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Sodium-glucose co-transporter-2 inhibitors lower adverse CV outcomes in acute decompensated heart failure

Sodium-glucose co-transporter-2 inhibitors appear to lower the incidence of adverse CV outcomes in acute decompensated heart failure patients

Sodium-glucose co-transporter-2 inhibitors (SGLT-2Is) used in patients with acute, decompensated heart failure leads to a significant reduction in adverse cardiovascular (CV) outcomes compared with placebo. Despite this reduction, however, there was no associated decrease in all-cause mortality, according to a meta-analysis of trials by researchers from the University of Thessaloniki, General Hospital “Hippokration,” Thessaloniki, Greece.

Heart failure (HF) is a complex clinical syndrome that is characterised by the reduced ability of the heart to pump and/or fill with blood failure. Heart failure is a global problem and in 2017 was associated with an age-standardised prevalence of 831.0 per 100,000 people. Additionally, the prognosis of those with more severe HF is poor, with one study finding that among patients hospitalised with HF, the 1-year mortality rate was only 40%.

The sodium-glucose co-transporter 2 receptors are primarily located in the proximal convoluted tubule of the nephron and are responsible for almost 90% to 95% of tubular reabsorption of glucose in the nephron. The SGLT-2Is are a class of drugs that were originally designed for the management of type 2 diabetes (by preventing glucose re-uptake) although research over the last decade has found that these drugs also have beneficial effects in heart failure. As a result, some members of this class such as empagliflozin, are licensed in adults for the treatment of symptomatic chronic heart failure with reduced ejection fraction.

However, it is unclear if these drugs are effective in patients with acute decompensated HF and this was the subject of the meta-analysis by the Greek researchers. The team searched for randomised, controlled trials that enrolled adult patients, irrespective or whether they had diabetes, and who were assigned to a SGLT-2I or placebo or an active comparator. They set the primary safety endpoint as the effect of SGLT-2I on recurrent worsening heart failure (WHF). Several secondary endpoints were used including all-cause mortality which was a composite of cardiovascular death or recurrent hospitalisation for HF decompensation and finally, the observed diuretic response. This latter endpoint was defined as the weight change per standard loop diuretic dose. The effects of treatment were assessed using risk ratios (RR).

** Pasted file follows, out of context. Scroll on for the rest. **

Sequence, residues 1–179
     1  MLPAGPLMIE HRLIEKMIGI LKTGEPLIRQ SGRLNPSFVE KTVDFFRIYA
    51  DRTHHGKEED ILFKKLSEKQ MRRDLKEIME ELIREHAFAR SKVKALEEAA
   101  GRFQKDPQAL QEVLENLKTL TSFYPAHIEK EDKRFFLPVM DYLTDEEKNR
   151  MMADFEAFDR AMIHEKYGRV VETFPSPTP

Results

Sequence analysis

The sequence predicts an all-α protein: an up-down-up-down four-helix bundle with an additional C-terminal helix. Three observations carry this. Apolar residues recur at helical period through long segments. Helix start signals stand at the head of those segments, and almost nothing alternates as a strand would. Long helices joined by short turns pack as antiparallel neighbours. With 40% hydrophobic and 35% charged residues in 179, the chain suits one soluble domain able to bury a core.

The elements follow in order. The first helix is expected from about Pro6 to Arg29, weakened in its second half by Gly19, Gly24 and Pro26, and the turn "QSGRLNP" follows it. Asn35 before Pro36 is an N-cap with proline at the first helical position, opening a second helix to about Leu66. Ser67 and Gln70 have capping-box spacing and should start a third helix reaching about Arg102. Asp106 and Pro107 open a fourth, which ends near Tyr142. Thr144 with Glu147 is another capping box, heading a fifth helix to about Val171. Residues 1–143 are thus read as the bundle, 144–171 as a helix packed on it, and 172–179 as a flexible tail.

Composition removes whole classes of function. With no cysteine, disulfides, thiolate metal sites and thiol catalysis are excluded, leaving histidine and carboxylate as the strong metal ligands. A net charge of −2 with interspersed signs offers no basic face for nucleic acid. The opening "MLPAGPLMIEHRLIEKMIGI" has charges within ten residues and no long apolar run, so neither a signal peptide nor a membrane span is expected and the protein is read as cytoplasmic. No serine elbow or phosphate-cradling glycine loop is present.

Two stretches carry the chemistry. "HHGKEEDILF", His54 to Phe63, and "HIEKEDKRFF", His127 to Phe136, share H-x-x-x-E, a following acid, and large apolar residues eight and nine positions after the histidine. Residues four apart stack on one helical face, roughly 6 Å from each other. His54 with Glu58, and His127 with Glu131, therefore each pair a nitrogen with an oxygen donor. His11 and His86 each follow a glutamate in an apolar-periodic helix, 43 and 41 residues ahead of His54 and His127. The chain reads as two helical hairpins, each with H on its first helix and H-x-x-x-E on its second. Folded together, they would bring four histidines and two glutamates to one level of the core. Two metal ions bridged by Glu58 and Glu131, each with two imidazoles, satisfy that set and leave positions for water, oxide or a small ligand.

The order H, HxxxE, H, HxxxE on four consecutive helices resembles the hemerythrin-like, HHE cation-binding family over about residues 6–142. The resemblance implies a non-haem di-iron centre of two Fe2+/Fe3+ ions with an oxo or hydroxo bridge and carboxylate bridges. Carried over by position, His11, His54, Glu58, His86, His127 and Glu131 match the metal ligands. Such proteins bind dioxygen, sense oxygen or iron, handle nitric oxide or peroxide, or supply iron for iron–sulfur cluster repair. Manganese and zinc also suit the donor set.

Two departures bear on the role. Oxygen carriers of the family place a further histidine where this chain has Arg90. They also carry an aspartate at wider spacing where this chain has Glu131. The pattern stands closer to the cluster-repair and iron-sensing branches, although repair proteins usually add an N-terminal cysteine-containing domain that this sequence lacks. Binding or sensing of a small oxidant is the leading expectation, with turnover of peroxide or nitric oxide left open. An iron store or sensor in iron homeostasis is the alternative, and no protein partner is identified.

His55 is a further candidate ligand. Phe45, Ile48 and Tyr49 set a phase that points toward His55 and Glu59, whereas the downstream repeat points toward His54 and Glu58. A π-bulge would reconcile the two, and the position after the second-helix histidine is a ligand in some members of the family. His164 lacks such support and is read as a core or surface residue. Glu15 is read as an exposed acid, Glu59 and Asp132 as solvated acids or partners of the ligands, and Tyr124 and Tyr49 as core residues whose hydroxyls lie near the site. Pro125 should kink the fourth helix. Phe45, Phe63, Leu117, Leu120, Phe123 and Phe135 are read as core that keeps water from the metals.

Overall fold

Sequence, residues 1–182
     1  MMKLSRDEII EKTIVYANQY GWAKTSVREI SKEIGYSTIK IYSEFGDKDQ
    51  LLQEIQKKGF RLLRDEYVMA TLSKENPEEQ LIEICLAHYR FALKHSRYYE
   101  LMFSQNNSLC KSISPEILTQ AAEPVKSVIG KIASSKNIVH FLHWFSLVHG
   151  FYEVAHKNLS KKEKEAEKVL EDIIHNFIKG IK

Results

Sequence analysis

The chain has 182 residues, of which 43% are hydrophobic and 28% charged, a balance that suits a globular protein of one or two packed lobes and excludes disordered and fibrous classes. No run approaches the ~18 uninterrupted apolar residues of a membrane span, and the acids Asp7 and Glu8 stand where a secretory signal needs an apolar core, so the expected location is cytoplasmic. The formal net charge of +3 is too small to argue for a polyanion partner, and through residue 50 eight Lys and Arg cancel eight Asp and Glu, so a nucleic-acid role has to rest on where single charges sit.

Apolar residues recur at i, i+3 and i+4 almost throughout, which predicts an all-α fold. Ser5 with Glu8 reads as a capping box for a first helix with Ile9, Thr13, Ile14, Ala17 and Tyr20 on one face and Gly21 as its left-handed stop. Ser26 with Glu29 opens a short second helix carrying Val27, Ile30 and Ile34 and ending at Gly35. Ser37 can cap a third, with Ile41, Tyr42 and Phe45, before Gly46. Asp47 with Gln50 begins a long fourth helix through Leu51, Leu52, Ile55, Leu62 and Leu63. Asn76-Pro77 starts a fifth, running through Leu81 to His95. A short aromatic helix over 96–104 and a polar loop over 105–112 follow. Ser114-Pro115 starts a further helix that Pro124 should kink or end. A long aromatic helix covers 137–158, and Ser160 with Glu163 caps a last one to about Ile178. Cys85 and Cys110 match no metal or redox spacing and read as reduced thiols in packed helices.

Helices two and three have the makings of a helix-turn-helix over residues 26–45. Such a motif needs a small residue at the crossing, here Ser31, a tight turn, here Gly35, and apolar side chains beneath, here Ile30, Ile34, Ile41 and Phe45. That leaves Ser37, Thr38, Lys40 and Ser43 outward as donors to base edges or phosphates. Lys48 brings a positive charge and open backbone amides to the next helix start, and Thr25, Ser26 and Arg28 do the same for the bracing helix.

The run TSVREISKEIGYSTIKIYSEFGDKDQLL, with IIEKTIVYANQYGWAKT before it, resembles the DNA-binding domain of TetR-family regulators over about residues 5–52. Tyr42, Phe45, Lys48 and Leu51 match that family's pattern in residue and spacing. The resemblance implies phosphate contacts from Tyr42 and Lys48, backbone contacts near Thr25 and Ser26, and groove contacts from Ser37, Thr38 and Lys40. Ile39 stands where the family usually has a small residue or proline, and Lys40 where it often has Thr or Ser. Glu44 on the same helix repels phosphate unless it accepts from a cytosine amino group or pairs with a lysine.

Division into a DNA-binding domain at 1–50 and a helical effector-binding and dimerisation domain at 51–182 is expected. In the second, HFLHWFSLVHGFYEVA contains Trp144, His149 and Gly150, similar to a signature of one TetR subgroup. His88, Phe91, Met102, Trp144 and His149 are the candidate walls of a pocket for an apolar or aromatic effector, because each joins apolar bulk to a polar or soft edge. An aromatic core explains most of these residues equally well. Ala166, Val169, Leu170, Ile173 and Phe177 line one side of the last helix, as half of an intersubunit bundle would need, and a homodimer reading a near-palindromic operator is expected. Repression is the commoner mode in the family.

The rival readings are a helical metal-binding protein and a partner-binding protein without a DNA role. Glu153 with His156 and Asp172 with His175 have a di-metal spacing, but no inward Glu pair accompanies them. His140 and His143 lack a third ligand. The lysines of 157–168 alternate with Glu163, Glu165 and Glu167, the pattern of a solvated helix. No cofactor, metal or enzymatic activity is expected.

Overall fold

Sodium-glucose co-transporter-2 inhibitors and heart failure outcomes

The researchers only identified three relevant clinical trials including 1,831 patients.

Compared with placebo, the use of SGLT-2Is produced a signification reduction in the risk of WHF (RR = 0.66, 95% CI 0.58 – 0.76, p < 0.00001). Similarly, there was also a significant 30% reduced risk of the composite endpoint of cardiovascular death or re-hospitalisation for decompensated HF (RR = 0.70, 95% CI 0.62 – 0.78, p < 0.00001). Interestingly, despite these benefits, there was no significant effect on all-cause mortality (RR = 0.72, 95% CI 0.48 – 1.09, p = 0.12) and a non-significant effect on diuretic response, mean difference = – 1.15 (95% CI -3.18 to 0.17, p = 0.26).

Based on their findings, the authors concluded that their data indicated how the use of SGLT-2I drugs significantly reduced recurrent worsening of HF but called for further trials to clarify whether these drugs should become part of the treatment algorithm for HF patients.

Citation
Patoulias D et al. Meta-Analysis Evaluating the Efficacy of Sodium-Glucose Co-Transporter-2 Inhibitors in Patients With Acute or Recently Decompensated Heart Failure Am J Cardiol 2022






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